Lyme disease: Symptoms and treatment

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Symptoms of Lyme disease

Signs and symptoms of Lyme disease can vary from person to person after being bitten by a tick.

Lyme disease occurs in stages. The signs and symptoms of each stage can overlap. In some people, Lyme disease may present in a later stage without a history of prior signs or symptoms.

Early signs

The most commonly reported sign of Lyme disease is an expanding skin rash that typically begins at the site of the tick bite. This rash is called erythema migrans. It slowly grows to more than 5 cm in diameter over several days, and can sometimes:

  • be circular or oval-shaped
  • look like a target or bull's eye
  • go unnoticed, especially if it's on:
    • dark skin
    • a part of the body that's difficult to see

Some people may not develop a rash.

Other early signs and symptoms include:

  • fever
  • chills
  • fatigue
  • headache
  • swollen lymph nodes
  • muscle and joint aches

If left untreated, the infection could spread to the joints, heart and nervous system.

Images of erythema migrans rash

A rash that looks like a bull's eye at the site of a tick bite.

Image 1Footnote a: A rash that looks like a bull's eye at the site of a tick bite.

An oval-shaped red rash. A tape measure is placed beneath it and shows that the rash is over 7 cm wide.

Image 2Footnote a: An oval-shaped red rash.

A red rash that has expanded across the width of a limb. A tape measure is placed beneath it and shows that the rash is 8 cm wide.

Image 3Footnote a: A red rash that has expanded across the width of a limb.

A red rash and blisters on a forearm, with a tape measure showing that the rash is 13 cm wide and the blister over 2 cm wide.

Image 4Footnote a: A red rash and blisters on a forearm.

A rash on a shoulder.

Image 5Footnote b: A rash on a shoulder.

A rash on the back of a knee.

Image 6Footnote c: A rash on the back of a knee.

Footnote a

For images 1,2,3,4:
Dr. John Aucott, Johns Hopkins University

Return to footnote a referrer

Footnote b

For image 5:
U.S. Centers for Disease Control and Prevention, Public Health Image Library

Return to footnote b referrer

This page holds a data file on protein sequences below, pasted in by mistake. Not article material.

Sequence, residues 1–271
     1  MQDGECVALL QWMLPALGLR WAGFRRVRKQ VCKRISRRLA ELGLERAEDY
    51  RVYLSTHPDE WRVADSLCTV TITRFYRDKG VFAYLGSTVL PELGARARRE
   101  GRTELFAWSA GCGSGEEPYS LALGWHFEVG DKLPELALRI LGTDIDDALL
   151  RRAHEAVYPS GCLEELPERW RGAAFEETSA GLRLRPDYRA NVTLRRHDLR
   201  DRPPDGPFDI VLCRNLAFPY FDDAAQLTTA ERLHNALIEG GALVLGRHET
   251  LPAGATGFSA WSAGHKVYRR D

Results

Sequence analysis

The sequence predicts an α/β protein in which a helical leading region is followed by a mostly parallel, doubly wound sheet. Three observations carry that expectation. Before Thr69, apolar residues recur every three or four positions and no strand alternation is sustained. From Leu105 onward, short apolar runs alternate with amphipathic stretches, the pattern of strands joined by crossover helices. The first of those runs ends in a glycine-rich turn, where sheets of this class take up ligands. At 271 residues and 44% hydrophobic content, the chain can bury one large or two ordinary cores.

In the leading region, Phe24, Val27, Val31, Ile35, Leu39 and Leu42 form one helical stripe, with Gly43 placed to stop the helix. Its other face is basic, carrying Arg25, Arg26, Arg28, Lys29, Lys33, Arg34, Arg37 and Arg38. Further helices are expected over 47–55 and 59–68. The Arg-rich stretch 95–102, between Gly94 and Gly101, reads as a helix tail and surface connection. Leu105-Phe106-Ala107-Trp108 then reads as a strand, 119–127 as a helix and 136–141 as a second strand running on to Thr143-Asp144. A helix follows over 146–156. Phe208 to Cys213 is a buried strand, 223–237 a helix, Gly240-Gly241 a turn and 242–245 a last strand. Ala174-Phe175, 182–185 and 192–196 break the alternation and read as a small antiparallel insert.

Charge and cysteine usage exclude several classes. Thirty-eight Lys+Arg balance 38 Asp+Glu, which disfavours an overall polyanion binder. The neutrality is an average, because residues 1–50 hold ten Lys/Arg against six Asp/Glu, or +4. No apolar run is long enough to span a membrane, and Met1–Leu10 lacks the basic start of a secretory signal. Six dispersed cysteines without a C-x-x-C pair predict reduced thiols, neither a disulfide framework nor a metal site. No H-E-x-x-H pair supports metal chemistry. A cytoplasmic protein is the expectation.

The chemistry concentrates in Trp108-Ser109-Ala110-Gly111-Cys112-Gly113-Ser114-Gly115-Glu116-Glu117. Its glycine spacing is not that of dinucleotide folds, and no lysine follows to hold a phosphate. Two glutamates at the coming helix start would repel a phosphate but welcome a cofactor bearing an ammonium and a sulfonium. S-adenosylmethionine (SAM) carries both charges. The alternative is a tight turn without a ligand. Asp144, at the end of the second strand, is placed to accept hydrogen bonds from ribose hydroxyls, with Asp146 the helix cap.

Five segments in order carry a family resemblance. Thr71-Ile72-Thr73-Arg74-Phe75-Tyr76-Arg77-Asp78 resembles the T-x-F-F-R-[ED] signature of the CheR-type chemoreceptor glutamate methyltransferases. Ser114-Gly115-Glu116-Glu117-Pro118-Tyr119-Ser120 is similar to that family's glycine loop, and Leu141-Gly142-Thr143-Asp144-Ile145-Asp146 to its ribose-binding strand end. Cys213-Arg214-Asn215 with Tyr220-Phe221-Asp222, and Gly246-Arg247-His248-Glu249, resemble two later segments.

Footnote c

For image 6:
Professor Gary Wormser, New York Medical College

Return to footnote c referrer

Later signs

Later symptoms of Lyme disease can appear days to months after an infected tick bite, and may include:

  • more rashes
  • dizziness
  • severe headaches
  • migratory pain that spreads in the:
    • joints
    • bones
    • tendons
    • muscles
  • arthritis in the:
    • knees
    • ankles
    • elbows
    • wrists
  • thinking and reasoning symptoms, such as:
    • memory loss
    • inability to think clearly

Other later stage symptoms include:

  • nerve pain, weakness, tingling or loss of sensation in limbs
  • drooping of one or both sides of the face (facial paralysis or Bell's palsy)
  • heart palpitations and an abnormal heartbeat
  • swelling of the brain and spinal cord
  • eye problems, such as pink-eye

In very rare cases, death could occur due to the complications involving an infection of the heart.

If you become ill

Early diagnosis and treatment of Lyme disease can prevent complications. Consult your health care provider right away if you've been:

You may not feel a tick attach to your skin or notice being bitten by a tick because ticks are tiny and their bites are usually painless.

Tell your health care provider:

Diagnosing Lyme disease

Diagnosing Lyme disease can be challenging as symptoms vary from person to person.

Symptoms of Lyme disease can be similar to other illnesses. A diagnosis of Lyme disease is based on:

Your health care provider will assess if you need a blood test. You usually won't need a blood test if you:

Only get tested by a licensed public health laboratory. Testing by private, non-licensed laboratories may not be reliable.

Treating Lyme disease

Lyme disease is treated with antibiotics. The earlier you receive treatment for Lyme disease, the greater the chance of a successful recovery.

Some people who are treated for Lyme disease may continue to have symptoms after treatment. The cause of these symptoms isn't currently clear, but continued antibiotic treatment:

Provincial, territorial and international resources

For local information on Lyme disease, consult your provincial or territorial public health authority:

Related links

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